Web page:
Dear Media: Stop Exploiting Our Fear of Fat

I did the thing you're not supposed to do before you go to bed and I checked Twitter. And then I saw this tweet from Shape Magazine that made me want to light things on fire. 

I looked at the picture and then the caption...Then back I looked the picture again...And then I re-read the caption.

And I felt my blood start to boil.

And my fingers started typing and before I knew it, I was using the F-word and wagging my self-righteous and enraged body positive finger Shape Magazine. Shaming them for perpetuating the idea that if you're larger, you aren't healthy or strong. 

Look, the article itself isn't terrible: Maintain a healthy lifestyle, avoid stress, and take care of yourself. It's pretty sound advice.

Here's what I find frustrating:

Publications capitalizing on our fear of fat. 

For decades, we've watched a multi-billion dollar weight loss industry change the way we see perceive health. Honestly, the health vs. weight debate became so exaggerated and abused that we stopped leading healthy lifestyles and we became obsessed with thinness. 

And we're still falling for it! Honestly, I'm tired of watching the mainstream media do little to stop the abuse. I'm tired of seeing women who are already showing up and leading healthy, active lifestyles shamed for not being thin.

When I look at the picture Shape used to promote that reckless tweet, I see myself.

Stop fearing fat

I literally see a body that looks just like mine. The only difference? The body you see on your right no longer buys into the fear and shame that the one on the left is selling.

For over a decade, I was consumed with my weight. My body image was so warped that when it came time to actually learn what health and strength looked and felt like, it took years to unlearn the fear and shame I associated with my weight.

Today, I run marathons and I still struggle! That's one of the reasons why I started the #SportsBraSquad. The only way we'll redefine what strength looks like is if we see the diverse range of body types kicking ass and taking names. 

I'm tired of seeing publications portray a body type that isn't conventionally thin as unhealthy. Weight isn't the issue, health is. And health looks different on everybody.

I'm sure this tweet was scheduled by some overworked editorial assistant or even a social media intern. They probably didn't think twice about grabbing a stock photo of a woman who isn't conventionally thin running. But we have to do better. We have to stop capitalizing on our fear's of fat.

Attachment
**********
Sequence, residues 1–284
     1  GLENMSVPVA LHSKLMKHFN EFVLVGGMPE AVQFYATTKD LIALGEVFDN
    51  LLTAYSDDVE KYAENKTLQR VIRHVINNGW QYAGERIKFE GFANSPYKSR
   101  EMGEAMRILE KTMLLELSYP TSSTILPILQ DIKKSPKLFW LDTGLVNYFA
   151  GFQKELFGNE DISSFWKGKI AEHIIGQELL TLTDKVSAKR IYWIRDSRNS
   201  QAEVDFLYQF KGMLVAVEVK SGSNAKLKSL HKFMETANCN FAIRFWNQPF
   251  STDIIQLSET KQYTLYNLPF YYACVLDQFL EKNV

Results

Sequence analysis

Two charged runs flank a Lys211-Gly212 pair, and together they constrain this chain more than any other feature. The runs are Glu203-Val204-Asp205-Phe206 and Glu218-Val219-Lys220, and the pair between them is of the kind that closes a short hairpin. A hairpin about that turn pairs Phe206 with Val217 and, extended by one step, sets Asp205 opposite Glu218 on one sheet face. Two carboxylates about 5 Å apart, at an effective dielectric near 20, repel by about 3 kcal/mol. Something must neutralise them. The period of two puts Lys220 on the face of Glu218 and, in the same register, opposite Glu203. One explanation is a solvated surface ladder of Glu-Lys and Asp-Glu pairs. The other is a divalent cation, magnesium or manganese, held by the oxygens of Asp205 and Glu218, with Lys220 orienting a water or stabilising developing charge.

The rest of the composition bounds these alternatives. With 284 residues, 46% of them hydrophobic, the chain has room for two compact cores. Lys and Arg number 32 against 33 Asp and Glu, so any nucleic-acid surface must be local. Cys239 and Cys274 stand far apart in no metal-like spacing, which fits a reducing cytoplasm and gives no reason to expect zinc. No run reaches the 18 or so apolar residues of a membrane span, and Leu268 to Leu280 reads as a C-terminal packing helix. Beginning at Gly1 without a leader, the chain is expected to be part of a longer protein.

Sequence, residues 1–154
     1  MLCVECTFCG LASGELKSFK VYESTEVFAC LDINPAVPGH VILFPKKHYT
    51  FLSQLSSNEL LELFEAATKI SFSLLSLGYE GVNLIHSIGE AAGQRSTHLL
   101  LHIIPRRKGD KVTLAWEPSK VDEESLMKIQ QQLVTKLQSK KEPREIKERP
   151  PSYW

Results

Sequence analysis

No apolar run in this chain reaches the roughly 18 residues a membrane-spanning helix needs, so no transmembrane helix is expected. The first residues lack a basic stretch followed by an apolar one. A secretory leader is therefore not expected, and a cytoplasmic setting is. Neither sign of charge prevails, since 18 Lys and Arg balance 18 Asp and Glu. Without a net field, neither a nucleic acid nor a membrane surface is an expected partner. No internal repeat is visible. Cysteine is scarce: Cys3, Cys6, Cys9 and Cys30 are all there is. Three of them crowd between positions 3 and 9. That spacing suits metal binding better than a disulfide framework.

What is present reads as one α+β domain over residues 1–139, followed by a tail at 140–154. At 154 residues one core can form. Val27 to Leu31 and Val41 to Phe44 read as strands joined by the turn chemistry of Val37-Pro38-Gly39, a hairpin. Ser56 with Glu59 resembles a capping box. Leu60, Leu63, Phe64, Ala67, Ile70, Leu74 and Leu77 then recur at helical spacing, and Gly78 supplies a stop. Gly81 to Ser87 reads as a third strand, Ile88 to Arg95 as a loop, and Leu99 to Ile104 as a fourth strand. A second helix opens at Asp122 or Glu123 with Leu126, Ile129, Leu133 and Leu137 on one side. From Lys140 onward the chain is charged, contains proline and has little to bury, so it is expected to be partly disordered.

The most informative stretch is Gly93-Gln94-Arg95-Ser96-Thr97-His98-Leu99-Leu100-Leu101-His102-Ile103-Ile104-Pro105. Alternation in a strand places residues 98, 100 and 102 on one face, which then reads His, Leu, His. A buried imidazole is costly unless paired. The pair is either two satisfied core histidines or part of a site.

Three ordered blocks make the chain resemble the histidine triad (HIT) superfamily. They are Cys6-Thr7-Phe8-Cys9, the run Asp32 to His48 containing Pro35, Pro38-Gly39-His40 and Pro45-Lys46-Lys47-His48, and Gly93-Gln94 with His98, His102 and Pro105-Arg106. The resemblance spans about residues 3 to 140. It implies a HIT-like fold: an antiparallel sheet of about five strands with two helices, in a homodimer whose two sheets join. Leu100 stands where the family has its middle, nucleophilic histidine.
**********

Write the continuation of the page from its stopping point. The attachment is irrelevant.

Change doesn't happen unless we have these conversations. Obsessing over your weight is the fastest way to develop unhealthy habits. But eating a healthy, balanced diet and getting active in ways that empower you? That's what health looks and feels like. 

Stop using my body type to exploit our fear of fat.

Strong as hell

Come hell or high water, we will redefine what strength looks and feels like. 

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Kelly Roberts

It all started when a silly joke made headlines back in 2014 when I took selfies with hot guys “hottie hunting” my way through the New York City Half Marathon. But ironically enough, I haven't always been a runner. As the self-proclaimed former President of the "I f*cking hate running club", I spent most of my life finding ways to avoid physical activity. Growing up, I missed over 70 days of PE my senior year. Working out was something I thought I had to suffer through in order to lose weight. 

Then, in 2009, my younger brother passed away unexpectedly and struggling to manage my grief, I gained more than 75 pounds. With the weight gain came a new fight to regain my sense of self and learn to love the body I saw when I looked in the mirror. Then one Thanksgiving morning, drowning in grief and self doubt, I decided to go for a run. I didn't make it half way down my street before I had to stop to walk but for some reason, struggling forward made more sense than getting back into bed. It turns out that running is a lot like grief, neither ever really get easier, you just get stronger. 

Over time, I realized that while some people are in fact born runners, others are made. I created this blog Run, Selfie, Repeat and my new podcast by the same name with the hopes to inspire others to say yes to themselves while making them laugh hysterically because laughing, in my opinion, is the solution to everything. 

Named by Women's Running as one of twenty women who are changing the sport of running and by Competitor Magazine as one of 12 Influential and inspiring runners under 30, my mission is to inspire others to get embrace a healthy lifestyle and pursue the strongest version of themselves possible.